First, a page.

Bavarian people can be proud of more than 1000 years of cultural and intellectual history. Section 3 of the Bavarian Constitution quotes that Bavaria is a culture state. Since 2003 the Free State has spent more than 500 million Euro of its budget per year on the support of art and culture, significant donations from both Bavarian communities and private sponsors follow in addition.
1. Roman Catholic 58.50% in 2003 (71.90% in 1950)
2. Protestant 23% (26.80% in 1950)
3. Other confessions and religions 4%
The Bavarian nation is composed of four officially recognized tribes: three native tribes, namely Old Bavarians ("Baiern"), Franconians, Swabians and more than two million refugees and expellees after 1945. Sinti and Roma people have a long tradition in Bavaria. Yeniche people are also native in Bavaria.
Traditions and customs enjoy a high status in Bavaria. Folk songs, folk dances and folk music are practiced in many Bavarian towns and townships. Traditions are carried on by culture clubs, societies for traditional costumes, folk dance groups and bands.
Medieval knight tournaments can be watched in Kaltenberg and Kiefersfelden. Numerous other historic pageants such as the "Landshut Wedding" (Landshuter Hochzeit) in Landshut, the "Meistertrunk" ("Master Draught") in Rothenburg ob der Tauber, the Wallenstein Festivals in Altdorf near Nuremberg and the Frundsberg Festival in Mindelheim can be enjoyed in addition. The slaying of the dragon (festival in Furth im Wald) is based on an old myth.
The Bavarian architecture shows historical evidence of more than 1200 years of history. It ranges from the 8th century ring crypt of St. Emmeran near Regensburg to the impressive tent roof in the Olympic Park in Munich.
Augsburg's Fugger Chapel St. Anna was built in the 16th century and it was the first Renaissance building errected north of the Alps. The Residence in Landshut, the Hirsvogel Hall in Nuremberg and Munich's former royal stables "Alte Münze" (literally "Old Coin") are further highlights of this era, which ceased with the completion of Augsburg's city hall by Elias Holl.
The magnificence of Baroque and Rococo is represented by a huge number of buildings:
Architectural achievements of the 19th century are closely associated with names like Leo von Klenze and Friedrich von Gärtner. Conducted by King Ludwig I, both of them significantly characterized Munich's image with their buildings. Their most famous buildings include the Walhalla near Regensburg and the Hall of Liberation in Kelheim. A number of 19th century industrial buildings in Augsburg and Nuremberg as well as some regular 20th century buildings are already now considered significant monuments.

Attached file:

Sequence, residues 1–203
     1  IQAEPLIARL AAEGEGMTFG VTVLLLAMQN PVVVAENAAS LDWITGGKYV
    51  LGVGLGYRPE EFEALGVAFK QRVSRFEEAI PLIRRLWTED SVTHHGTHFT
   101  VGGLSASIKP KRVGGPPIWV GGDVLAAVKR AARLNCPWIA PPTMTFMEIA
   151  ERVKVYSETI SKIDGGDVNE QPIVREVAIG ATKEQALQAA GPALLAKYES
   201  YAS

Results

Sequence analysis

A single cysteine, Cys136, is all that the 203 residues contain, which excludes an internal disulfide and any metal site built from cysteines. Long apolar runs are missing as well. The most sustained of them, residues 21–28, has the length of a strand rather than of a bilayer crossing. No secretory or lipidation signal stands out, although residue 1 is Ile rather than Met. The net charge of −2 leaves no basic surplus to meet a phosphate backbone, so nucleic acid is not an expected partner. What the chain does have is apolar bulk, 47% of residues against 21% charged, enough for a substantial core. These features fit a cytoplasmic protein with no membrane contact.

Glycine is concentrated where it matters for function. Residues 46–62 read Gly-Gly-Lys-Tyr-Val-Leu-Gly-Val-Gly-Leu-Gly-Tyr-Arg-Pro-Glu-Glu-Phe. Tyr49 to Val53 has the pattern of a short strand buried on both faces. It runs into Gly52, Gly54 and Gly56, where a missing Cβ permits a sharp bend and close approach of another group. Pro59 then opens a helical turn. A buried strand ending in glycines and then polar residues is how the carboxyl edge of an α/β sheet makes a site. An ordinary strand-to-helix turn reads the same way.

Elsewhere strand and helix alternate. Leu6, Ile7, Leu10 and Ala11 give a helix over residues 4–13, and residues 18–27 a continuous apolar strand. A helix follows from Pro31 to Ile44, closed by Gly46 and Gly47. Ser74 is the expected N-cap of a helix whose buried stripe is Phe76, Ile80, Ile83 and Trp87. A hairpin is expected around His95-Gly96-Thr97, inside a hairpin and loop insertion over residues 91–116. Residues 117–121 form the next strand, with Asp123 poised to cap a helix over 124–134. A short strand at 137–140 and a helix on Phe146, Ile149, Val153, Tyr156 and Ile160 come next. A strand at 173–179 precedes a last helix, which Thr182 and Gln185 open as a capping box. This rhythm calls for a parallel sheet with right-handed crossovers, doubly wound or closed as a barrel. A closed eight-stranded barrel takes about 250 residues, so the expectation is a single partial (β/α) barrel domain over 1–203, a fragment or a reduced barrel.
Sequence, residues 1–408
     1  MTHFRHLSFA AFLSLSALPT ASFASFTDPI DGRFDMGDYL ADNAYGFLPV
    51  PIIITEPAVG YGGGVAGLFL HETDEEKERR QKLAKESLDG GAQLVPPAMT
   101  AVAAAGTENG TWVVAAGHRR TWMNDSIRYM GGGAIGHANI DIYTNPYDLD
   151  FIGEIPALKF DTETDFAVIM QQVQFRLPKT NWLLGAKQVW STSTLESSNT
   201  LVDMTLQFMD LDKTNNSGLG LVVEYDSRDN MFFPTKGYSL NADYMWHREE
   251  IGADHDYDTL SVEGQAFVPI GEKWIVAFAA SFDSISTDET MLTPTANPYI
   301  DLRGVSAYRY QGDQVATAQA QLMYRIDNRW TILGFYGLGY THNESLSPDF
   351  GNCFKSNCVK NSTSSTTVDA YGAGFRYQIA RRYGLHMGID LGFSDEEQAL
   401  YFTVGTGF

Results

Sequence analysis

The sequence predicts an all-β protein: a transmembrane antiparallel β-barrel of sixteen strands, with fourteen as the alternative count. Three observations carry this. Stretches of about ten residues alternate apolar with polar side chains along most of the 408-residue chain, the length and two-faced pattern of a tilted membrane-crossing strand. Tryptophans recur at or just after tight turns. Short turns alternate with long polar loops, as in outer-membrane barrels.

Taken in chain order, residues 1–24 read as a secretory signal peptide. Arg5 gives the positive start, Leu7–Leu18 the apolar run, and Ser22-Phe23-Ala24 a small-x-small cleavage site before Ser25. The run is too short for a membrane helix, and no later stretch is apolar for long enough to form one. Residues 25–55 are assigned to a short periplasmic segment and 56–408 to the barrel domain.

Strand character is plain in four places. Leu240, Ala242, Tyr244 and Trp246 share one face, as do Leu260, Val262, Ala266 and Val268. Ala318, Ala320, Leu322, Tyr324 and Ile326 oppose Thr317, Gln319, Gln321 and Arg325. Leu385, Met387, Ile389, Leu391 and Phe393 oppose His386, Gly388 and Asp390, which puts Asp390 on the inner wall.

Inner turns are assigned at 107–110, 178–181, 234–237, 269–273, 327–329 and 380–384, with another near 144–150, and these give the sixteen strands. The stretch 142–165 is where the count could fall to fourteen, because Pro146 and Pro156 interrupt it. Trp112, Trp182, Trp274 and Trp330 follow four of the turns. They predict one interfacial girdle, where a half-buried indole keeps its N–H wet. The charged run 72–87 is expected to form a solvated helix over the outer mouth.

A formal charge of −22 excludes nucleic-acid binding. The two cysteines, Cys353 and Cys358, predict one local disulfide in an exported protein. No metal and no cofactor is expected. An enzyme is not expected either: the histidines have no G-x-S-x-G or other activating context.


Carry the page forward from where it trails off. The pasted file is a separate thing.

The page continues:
With 11000 sacral and secular buildings and 40000 archaeological sites Bavaria is rich in monuments.
In 1979 the Bavarian Film Award was assigned for the first time. Today, this award with a total prize money of more than 400,000 Euro is the most sought-after of its kind besides the German Film Awards.
The diversity of the culture state Bavaria manifests itself in a large number of renowned film festivals with a variety of topics such as New German Cinema, children's film, short film or documentary film.
The beginnings of Bavarian visual arts originate from Carolingian book painting and goldsmiths' art (Tassilo Chalice). Significant evidence of Gothic sculptures is found in the cathedrals of Regensburg and Bamberg (The Bamberg Horseman).
Sculptors Veit Stoß and Tilman Riemenschneider, as well as painters such as Hans Holbein the Elder mainly characterized the change from the 15th century to the 16th century. Nuremberg's Albrecht Dürer is the most significant representative of German Renaissance.
Major sculptures emerged in churches built by the Asam brothers during Baroque and Rococo. Ignaz Günther and Joseph Feuchtmayer designed the opulent furnishings in churches built by Balthasar Neumann and Dominikus Zimmermann.
Munich took the lead in the advancing landscape art at the time around 1800. Excellent artists include Carl Spitzweg, the master of genre works, realist Wilhelm Leibl, the most important portait painter of the Gründerzeit (neo-renaissance style), as well Symbolists Franz Lenbach and Franz von Stuck.
The inception of Munich's Modernity started at the beginning of the 20th century. "Der Blaue Reiter", a group of artists including Wassily Kandinsky, Franz Marc, Gabriele Münter, August Macke and Paul Klee, broke with conventional shapes and set a new benchmark.
Willi Baumeister, Fritz Winter and Ruprecht Geiger are among the most important post-World War II painters. Avant-garde is represented by artists such as Bernd Zimmer, Alf Lechner and Fritz Koenig.
The cultural diversity of Europe and the rest of the world is mirrored in the work of foreign cultural associations located in Bavaria. An extraordinary range of inter-cultural associations, cultural institutions and gathering places is available for anybody interested in the cultures of our European neighbors England, France, Spain, the Kingdom of the Netherlands, Italy, Finland and America, anybody who is curious about Poland, Hungary, Russia or Turkey, and for those who want to go on an expedition to Japan, India, Nepal, the Philippines, South Africa or Brazil.